and the clearest example of Manning being better and more valuable….the years each of them were hurt. In 08 the Pats won 11 games without Brady…11. The Colts won 2. Matt Cassel was a rookie whose average at best. Belichicks offense scheme allows accurate passers to excel by throwing short to intermediate passes and YAC.
Echo Chris’s comment from November. Comparing actual win percent vs. Expected win percent (based on support) brady dwarfs manning. You need to take this into account or shoe where that reasoning is flawed
The remaining difference comes down to some luck and flaws in the stats I think. If the stats say you should have won 70% of the games based on your performance, 50% of the games when combining that with your team’s performance, and you only win 40%, there’s either a flaw in the stats (which is pretty much a given with any statistical analysis, they work better over very large samples, and always have a margin for error) or bad luck. As one poster pointed out, how do you explain the Broncos giving up a 70 yard TD with 40 seconds left in the game? Manning has lost an awful lot of close ones where he was winning when he left the game for the last time.
The claim by Mike that Manning’s teams often lead when he leaves the field is false. This has only happened once, the game against the Jets on January 8, 2011 that NY won on a last second field goal.
Duke is clearly a Manning-loving troll. He criticizes Brady for not scoring more in SB XLII against NY. But he doesn’t apply this same standard to Manning, when Peyton’s team scored only 18 points against Pittsburgh, only 17 in 2008 in San Diego, the SB against the Saints only 17, the game against the Jets only 16, and the SB against Seattle only 8.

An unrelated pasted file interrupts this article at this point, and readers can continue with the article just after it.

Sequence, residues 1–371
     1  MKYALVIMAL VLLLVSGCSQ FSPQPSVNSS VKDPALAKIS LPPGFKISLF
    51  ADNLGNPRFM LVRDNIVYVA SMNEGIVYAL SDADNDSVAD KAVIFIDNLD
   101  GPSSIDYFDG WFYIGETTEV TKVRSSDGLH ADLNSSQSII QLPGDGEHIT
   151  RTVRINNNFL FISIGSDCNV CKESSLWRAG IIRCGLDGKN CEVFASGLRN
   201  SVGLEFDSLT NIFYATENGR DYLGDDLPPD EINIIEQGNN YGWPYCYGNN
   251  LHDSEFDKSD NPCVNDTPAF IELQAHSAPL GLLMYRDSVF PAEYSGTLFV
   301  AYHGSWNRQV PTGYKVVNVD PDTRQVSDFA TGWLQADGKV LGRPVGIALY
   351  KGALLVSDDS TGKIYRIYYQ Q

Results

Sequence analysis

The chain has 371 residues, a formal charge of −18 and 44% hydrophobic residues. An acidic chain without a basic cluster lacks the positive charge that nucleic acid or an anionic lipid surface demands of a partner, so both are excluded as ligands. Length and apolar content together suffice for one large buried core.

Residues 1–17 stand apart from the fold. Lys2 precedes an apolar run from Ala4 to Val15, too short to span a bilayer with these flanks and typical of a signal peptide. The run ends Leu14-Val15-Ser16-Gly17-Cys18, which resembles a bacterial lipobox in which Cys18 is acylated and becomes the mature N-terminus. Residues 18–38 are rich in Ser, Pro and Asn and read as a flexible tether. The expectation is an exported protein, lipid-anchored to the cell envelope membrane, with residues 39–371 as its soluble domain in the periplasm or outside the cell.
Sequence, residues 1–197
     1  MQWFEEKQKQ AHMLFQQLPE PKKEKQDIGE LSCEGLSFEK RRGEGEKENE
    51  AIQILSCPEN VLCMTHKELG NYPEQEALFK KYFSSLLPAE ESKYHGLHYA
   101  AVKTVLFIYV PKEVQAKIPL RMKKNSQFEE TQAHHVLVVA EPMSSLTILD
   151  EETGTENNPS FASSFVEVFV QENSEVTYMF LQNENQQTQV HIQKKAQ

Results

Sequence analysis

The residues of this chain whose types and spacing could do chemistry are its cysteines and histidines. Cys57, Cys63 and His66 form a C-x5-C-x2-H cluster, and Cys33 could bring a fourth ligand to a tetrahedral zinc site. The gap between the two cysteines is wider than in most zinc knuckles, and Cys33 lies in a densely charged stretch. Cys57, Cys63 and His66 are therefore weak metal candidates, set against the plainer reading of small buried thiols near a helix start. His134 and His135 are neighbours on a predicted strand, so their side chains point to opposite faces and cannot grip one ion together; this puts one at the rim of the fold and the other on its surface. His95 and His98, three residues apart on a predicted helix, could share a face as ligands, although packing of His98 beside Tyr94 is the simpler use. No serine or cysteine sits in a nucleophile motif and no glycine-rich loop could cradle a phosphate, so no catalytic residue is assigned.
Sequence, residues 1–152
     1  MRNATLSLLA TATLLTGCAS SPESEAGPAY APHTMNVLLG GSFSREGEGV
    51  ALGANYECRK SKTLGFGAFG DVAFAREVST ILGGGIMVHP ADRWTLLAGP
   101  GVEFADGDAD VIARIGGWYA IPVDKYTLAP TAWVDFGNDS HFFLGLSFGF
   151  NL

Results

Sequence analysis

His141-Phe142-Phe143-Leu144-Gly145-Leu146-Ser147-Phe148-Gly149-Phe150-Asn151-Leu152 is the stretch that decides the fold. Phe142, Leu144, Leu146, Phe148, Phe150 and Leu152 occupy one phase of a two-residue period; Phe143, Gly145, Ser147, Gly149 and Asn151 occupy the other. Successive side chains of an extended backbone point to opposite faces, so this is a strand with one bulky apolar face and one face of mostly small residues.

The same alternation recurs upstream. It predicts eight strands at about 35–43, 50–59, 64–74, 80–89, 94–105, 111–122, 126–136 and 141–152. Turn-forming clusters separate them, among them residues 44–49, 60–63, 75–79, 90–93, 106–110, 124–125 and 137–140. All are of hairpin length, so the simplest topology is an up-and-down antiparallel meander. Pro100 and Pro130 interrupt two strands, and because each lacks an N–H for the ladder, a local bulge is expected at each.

If we’re talking about putting your team ahead late and then watching the defense cough up the lead, Brady lost both Super Bowls to TDs in the final minute, and the 2006 afc champ to Manning very late as well. If you’re going to say it’s not Manning’s fault when his D gives up a late score, why not apply the same standard to Brady?
At this point, it’s impossible to sustain the argument that Manning has outperformed Brady in the playoffs. Brady has won more Super Bowls, won more playoff games, won a higher percentage of his playoff starts, has thrown for more yards and TDs in the playoffs, and has thrown fewer INTs per attempt. His teams have also outscored Manning’s teams by 4 points per game in the playoffs. Brady has 9 career game winning drives in the playoffs, the most all time. Manning has only one. There is no debate. Brady is the better playoff quarterback.
Hey Larz Abindigo, yea really unbiased blog from a guy who favorite team is the indianapolis colts you dumb bitch. and hey monte,peyton manning is tom brady’s fucking sex slave gimp.
This is such a joke
Monte (you do NOT have a keen eye for statistics),
First of all I am a Broncos fan, have been my whole life and I started reading through this page in order to find some interesting FACTS to throw my coworkers way when they bring up Brady being better than Manning. The only reason I am commenting is to highlight your statistical errors in hopes that you may redo your complete page with current and factual data.
1. I stopped reading after reviewing your first graph
2. Your graph is incorrect
3. First thing I noticed- The paragraph title states “Manning v Brady: Regular Season” and graph title states “Manning v Brady: Best Seasons” yet Brady’s perfect season is not on there.